It seems that when Rabbi Hurvitz is a member of a minority (Jewish Americans constitute approximately two percent of the American population) he applauds a secular state in which the majority religion relinquishes its traditional symbols and culture in the name of freedom of religion. When he is a member of the majority, on the other hand, he advocates a state where a religious symbol is on the very flag itself, and where individuals must carry ID cards denoting their religious background.
Second, it is odd that Rabbi Hurvitz brings up the Constitution, given that Israel itself has deliberately chosen not to adopt one – a far cry from the US system, in which fundamental principles and rights were codified at the very beginning of our national existence and can only be modified through a long and tedious process of public involvement.
Third, Rabbi Hurvitz provides a mini-sermon drawn from Halacha (Jewish law) and the Talmud. Again, this is a bit odd. Truthfully, the Talmud and Jewish law are such mixed bags that I'm surprised he handed them to us to peer into.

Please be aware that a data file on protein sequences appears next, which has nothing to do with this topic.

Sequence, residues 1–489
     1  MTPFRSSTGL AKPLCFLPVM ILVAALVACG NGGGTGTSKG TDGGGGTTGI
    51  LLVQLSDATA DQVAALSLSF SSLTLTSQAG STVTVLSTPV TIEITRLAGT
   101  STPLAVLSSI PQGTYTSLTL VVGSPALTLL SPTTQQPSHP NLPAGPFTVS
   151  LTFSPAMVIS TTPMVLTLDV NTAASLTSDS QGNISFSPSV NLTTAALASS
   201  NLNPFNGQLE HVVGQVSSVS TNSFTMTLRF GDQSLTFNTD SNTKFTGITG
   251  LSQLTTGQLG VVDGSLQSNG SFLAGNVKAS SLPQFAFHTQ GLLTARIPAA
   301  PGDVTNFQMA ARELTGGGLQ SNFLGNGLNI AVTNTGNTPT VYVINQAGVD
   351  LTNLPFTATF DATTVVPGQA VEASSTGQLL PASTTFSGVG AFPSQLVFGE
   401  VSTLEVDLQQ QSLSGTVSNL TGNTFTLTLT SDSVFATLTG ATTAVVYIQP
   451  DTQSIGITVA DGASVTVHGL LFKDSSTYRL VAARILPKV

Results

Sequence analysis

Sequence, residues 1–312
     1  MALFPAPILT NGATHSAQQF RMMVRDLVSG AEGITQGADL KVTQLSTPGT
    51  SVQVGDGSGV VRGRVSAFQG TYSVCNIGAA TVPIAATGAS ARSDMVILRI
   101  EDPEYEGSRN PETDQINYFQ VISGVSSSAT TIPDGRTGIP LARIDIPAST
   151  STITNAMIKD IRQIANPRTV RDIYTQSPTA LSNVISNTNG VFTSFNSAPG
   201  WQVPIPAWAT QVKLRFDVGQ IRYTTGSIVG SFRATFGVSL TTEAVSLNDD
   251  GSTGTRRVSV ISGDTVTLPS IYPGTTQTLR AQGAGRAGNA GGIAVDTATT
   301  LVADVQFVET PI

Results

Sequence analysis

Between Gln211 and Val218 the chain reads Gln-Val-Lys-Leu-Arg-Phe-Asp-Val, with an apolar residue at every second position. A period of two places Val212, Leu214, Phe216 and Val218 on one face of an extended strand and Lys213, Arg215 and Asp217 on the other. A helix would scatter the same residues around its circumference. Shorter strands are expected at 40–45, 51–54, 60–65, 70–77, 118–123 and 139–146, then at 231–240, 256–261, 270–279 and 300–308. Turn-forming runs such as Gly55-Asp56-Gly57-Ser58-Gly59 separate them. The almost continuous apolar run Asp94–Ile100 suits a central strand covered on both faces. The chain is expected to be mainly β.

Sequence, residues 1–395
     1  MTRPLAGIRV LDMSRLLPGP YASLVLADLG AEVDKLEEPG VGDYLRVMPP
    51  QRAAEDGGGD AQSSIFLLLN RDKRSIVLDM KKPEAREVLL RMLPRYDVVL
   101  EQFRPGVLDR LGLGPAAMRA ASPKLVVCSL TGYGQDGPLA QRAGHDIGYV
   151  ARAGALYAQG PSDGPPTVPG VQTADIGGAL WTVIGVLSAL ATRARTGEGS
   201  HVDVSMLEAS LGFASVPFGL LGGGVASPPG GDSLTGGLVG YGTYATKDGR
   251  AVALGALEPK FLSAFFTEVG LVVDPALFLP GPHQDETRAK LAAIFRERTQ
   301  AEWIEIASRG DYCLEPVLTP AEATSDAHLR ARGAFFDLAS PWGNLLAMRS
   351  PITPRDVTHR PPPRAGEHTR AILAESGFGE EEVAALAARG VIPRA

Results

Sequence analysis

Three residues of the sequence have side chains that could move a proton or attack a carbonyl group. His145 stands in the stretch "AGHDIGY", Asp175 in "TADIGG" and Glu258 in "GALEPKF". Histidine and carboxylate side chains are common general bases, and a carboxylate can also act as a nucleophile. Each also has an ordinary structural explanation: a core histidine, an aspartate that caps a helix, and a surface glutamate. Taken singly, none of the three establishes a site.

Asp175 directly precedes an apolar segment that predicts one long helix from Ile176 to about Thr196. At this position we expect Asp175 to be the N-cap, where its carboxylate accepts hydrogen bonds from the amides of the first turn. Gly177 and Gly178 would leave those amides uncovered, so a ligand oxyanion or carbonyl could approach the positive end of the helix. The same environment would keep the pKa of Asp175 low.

While I rarely speak or write on this subject matter, there is no doubt that it is significant and should be explored. There are two extremely valuable books on the topic by authors less timid than I, both Jewish, one Israeli: "Jewish History, Jewish Religion" (posted on ifamericansknew.org in full) by Dr. Israel Shahak, a holocaust survivor and, until his death in 2001, a highly regarded Israeli professor of chemistry; and "Jewish Fundamentalism in Israel," co-authored by Dr. Shahak and Dr. Norton Mezvinsky, a professor of history who in 2002 was named by the Connecticut State University Board of Trustees an official "Connecticut State University Professor...a signal honor, reserved for faculty members who fulfill the highest ideals of outstanding teaching, scholarly achievement and public service."
In his first book, Shahak explains that he took on this topic when he realized that "...neither Zionism, including its seemingly secular part, nor Israeli politics..., nor particularly the policies of the Jewish supporters of Israel in the diaspora, could be understood unless the deeper influence of [Talmudic laws], and the worldview which they both create and express is taken into account... Without a discussion of the prevalent Jewish attitudes to non-Jews," Shahak emphasizes," even the concept of Israel as 'a Jewish state', as Israel formally defines itself, cannot be understood."